Comp Growth Slowed in Q105

May 5, 2005 ( - The growth in hourly compensation slowed a bit during the first quarter of 2005 over the previous quarter, the government announced.

According to the US Department of Labor’s Bureau of Labor Statistics (BLS), hourly compensation in the US business sector increased 4.3% during the January to March period in 2005 – down from a 4.9% hike in the previous quarter. This measure includes wages and salaries, supplements, employer contributions to employee benefit plans, and taxes.

Meanwhile, the hourly compensation of all manufacturing workers rose 4.9% during the first quarter, reflecting a hike of 5.3% in durable goods and 3.9% in nondurable goods, the government said. Because the hourly compensation of manufacturing workers rose more rapidly than output per hour, unit labor costs increased in the first quarter by 0.9 %. This is similar to the 0.8% increase recorded in the fourth quarter of 2004.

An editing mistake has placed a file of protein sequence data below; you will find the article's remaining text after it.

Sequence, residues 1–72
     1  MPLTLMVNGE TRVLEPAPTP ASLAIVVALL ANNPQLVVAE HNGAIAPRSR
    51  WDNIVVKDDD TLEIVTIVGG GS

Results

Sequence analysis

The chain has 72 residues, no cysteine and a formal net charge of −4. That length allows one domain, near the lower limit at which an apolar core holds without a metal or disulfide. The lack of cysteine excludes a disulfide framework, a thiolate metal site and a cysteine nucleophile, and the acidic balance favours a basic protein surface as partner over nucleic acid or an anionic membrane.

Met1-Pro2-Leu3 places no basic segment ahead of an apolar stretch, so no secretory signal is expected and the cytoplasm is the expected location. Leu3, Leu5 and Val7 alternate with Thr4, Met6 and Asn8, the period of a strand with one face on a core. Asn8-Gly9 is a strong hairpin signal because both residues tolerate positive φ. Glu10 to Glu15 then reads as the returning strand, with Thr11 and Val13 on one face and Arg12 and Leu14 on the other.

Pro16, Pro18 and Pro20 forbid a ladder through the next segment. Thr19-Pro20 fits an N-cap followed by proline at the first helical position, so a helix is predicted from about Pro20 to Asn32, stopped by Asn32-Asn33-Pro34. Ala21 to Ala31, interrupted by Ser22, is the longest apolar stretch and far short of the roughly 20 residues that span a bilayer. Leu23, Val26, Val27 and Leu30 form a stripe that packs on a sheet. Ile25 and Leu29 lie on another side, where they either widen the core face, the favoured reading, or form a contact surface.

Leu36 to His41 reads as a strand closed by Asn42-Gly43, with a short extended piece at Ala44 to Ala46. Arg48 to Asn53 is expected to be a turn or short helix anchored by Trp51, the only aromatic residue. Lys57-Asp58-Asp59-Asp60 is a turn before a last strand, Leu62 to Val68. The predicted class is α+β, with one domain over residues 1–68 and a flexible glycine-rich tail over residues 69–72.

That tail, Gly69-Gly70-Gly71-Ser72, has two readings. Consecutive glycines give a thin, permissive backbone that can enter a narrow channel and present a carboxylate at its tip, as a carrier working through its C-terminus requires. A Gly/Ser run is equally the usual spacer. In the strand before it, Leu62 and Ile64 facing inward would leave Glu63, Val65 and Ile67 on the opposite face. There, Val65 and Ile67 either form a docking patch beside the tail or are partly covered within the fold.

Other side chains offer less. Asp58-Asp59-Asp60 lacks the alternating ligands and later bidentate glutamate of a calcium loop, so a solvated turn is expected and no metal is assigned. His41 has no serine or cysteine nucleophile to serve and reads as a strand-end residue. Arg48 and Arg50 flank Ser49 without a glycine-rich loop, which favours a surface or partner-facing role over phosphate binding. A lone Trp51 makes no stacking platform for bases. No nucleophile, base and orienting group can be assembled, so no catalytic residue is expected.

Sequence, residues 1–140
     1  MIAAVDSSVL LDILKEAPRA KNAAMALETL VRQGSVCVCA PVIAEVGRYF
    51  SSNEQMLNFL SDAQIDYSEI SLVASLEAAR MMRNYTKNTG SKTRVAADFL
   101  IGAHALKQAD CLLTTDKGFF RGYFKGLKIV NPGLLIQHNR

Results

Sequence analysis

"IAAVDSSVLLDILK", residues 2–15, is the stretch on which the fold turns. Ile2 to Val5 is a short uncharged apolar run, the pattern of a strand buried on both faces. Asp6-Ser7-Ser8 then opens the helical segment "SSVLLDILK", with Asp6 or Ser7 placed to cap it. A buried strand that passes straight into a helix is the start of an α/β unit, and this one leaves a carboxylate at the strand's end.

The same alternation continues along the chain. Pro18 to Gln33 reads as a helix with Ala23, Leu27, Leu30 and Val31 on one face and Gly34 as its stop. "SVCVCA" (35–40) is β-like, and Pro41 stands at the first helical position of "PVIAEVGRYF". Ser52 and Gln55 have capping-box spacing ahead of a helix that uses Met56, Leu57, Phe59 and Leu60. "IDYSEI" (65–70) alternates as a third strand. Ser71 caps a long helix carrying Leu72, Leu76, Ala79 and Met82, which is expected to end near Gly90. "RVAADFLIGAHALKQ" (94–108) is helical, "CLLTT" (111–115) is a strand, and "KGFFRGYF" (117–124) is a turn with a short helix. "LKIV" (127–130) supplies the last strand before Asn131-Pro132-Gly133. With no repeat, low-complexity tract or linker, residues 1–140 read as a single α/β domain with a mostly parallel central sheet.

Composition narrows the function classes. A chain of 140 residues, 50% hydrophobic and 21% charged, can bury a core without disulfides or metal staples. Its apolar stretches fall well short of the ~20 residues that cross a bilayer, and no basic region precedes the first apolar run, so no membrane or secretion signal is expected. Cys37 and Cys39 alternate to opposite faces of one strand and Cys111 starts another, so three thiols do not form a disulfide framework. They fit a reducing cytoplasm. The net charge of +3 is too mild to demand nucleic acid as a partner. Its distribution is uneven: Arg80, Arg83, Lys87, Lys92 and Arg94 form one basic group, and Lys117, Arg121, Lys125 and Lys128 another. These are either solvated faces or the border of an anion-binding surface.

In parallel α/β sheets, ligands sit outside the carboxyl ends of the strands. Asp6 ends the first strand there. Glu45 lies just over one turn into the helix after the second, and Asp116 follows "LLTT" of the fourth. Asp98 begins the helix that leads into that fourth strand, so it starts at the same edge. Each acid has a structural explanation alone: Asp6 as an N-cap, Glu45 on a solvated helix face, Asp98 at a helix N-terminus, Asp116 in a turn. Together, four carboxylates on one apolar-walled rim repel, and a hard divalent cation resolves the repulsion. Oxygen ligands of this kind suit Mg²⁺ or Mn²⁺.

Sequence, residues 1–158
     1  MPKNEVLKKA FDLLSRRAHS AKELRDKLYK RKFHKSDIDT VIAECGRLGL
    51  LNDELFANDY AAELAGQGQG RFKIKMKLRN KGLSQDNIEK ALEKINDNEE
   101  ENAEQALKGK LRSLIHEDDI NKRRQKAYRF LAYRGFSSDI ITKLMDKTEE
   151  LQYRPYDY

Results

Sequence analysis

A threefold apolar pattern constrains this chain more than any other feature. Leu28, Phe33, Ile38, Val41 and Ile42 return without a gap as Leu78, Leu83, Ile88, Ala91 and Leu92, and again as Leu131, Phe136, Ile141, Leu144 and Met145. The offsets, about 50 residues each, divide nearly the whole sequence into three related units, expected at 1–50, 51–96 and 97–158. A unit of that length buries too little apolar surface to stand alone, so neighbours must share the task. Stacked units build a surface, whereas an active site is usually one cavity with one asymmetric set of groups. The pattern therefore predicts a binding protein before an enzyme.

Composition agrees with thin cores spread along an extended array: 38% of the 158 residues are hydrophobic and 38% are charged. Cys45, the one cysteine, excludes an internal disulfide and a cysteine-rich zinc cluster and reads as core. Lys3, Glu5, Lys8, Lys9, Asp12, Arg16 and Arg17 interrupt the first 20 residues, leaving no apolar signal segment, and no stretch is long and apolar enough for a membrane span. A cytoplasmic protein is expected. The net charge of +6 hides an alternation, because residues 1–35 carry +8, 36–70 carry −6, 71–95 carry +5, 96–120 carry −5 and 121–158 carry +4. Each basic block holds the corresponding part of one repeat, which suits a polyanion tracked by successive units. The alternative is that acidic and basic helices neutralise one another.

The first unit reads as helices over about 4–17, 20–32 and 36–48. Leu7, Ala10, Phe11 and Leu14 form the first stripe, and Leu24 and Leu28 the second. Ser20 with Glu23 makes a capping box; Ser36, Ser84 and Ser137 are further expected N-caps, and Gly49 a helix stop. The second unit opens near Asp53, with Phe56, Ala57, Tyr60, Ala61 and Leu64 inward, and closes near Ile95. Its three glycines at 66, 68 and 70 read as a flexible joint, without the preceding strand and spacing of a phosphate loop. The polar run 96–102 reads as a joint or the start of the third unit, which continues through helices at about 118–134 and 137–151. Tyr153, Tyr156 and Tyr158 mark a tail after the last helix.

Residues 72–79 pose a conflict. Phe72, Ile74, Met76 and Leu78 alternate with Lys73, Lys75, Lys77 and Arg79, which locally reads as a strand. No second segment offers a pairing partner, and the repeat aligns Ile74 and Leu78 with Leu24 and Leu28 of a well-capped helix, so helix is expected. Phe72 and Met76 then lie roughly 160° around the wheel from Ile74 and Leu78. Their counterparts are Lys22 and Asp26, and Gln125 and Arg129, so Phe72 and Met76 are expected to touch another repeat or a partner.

In durable goods manufacturing, however, unit labor costs fell in the first quarter of 2005 by 0.9%. All of the increase in manufacturing unit labor costs came from the nondurable goods subsector, where unit labor costs advanced by 2.6%.

Hourly compensation in the non-financial corporate sector advanced 4.4% in the fourth quarter of 2004, and real hourly compensation was up 0.8%. Unit labor costs fell 0.8% in the fourth quarter of 2004 – the first decline in these costs since the fourth quarter of 2003.